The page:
Hawaii has announced a new commitment to sustainable living technology, declaring that the state will transform both private and public transportation to completely renewable fuel sources by 2045. Hōkūleʻa, the Polynesian Voyaging Society, hosted the state's four mayors from the City and County of Honolulu, Maui County, Hawaiʻi County and Kauaʻi County aboard a canoe in mid-December. There they signed proclamations declaring their goal.
Honolulu Mayor Kirk Caldwell, Maui County Mayor Alan Arakawa, Kauaʻi County Mayor Bernard P. Carvalho Jr. and Hawaiʻi County Managing Director Wil Okabe (representing Mayor Harry Kim) met with Master Navigator Nainoa Thompson in Pōkaʻī Bay. Hōkūleʻa has special significance in regards to transportation.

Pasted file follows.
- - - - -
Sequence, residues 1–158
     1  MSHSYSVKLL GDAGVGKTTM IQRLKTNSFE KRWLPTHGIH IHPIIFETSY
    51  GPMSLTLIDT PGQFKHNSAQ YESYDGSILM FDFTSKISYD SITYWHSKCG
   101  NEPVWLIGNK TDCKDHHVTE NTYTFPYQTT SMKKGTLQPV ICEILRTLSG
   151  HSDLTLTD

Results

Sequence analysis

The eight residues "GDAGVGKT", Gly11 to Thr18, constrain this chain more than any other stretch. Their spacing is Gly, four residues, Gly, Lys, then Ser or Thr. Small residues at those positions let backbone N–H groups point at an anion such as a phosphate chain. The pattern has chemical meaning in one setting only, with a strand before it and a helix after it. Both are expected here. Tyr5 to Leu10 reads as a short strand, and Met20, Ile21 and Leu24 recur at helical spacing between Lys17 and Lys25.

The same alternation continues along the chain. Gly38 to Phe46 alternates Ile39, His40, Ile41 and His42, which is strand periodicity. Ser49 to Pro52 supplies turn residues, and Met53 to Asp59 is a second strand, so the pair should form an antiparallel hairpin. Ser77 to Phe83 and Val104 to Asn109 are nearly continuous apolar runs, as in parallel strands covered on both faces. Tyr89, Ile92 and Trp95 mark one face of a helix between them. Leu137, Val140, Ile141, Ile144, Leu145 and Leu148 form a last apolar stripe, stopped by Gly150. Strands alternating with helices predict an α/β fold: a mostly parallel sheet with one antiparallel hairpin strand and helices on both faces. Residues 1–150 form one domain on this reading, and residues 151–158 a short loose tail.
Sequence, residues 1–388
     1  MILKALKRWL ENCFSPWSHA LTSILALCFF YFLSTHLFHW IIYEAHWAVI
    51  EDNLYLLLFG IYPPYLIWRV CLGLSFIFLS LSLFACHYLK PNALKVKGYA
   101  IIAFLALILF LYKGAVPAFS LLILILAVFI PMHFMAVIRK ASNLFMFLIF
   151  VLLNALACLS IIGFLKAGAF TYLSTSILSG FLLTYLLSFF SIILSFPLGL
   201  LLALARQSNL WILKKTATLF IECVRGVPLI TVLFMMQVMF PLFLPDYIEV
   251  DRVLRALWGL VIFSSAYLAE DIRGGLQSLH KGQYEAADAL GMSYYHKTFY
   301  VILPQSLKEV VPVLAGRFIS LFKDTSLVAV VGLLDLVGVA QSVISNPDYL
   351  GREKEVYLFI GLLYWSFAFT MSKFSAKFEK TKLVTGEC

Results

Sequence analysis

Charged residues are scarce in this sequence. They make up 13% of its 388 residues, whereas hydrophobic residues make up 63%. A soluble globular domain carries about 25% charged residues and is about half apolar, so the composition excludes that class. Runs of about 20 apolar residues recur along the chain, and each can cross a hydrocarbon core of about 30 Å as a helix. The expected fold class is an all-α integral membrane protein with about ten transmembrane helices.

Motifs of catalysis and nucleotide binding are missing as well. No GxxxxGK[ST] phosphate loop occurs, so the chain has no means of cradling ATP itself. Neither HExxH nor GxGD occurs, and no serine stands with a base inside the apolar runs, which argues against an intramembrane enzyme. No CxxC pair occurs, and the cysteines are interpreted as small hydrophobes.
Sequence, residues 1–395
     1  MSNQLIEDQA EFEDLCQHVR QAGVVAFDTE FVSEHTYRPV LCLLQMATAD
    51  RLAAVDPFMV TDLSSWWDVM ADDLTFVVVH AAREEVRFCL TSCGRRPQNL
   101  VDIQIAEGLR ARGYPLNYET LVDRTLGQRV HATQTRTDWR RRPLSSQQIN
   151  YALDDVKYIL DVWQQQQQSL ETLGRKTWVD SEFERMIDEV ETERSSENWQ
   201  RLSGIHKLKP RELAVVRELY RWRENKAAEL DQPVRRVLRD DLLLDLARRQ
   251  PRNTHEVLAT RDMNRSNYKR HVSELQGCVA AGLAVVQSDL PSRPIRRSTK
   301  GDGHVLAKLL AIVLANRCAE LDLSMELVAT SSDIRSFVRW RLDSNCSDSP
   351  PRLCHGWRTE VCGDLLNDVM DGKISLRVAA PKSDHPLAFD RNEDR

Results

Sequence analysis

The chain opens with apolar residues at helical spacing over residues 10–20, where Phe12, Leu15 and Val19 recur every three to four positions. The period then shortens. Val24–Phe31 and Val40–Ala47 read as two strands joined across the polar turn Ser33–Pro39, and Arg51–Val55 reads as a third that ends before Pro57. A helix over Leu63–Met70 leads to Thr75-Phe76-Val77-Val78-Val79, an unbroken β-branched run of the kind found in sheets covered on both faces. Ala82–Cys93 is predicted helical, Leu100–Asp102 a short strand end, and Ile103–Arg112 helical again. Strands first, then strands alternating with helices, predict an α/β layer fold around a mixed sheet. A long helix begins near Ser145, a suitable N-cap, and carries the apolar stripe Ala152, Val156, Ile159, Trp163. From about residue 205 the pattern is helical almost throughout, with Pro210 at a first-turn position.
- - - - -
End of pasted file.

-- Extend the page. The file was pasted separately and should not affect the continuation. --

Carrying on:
Fast Company reports that the voyaging canoe made a highly publicized trip in June of 2017, using only traditional navigation tools to make their way around the world. The choice of location was a symbolic gesture to Hawaii's history.
“The stakes are too high for Oʻahu, as well as the rest of our state. We have to change our path,” Caldwell told reporters. “With this announcement we want to send a message that we welcome the next phase of Hawaiʻi’s clean energy transformation, which will not only reduce our carbon dioxide emissions and fossil fuel imports, but will also ensure a more resilient future.”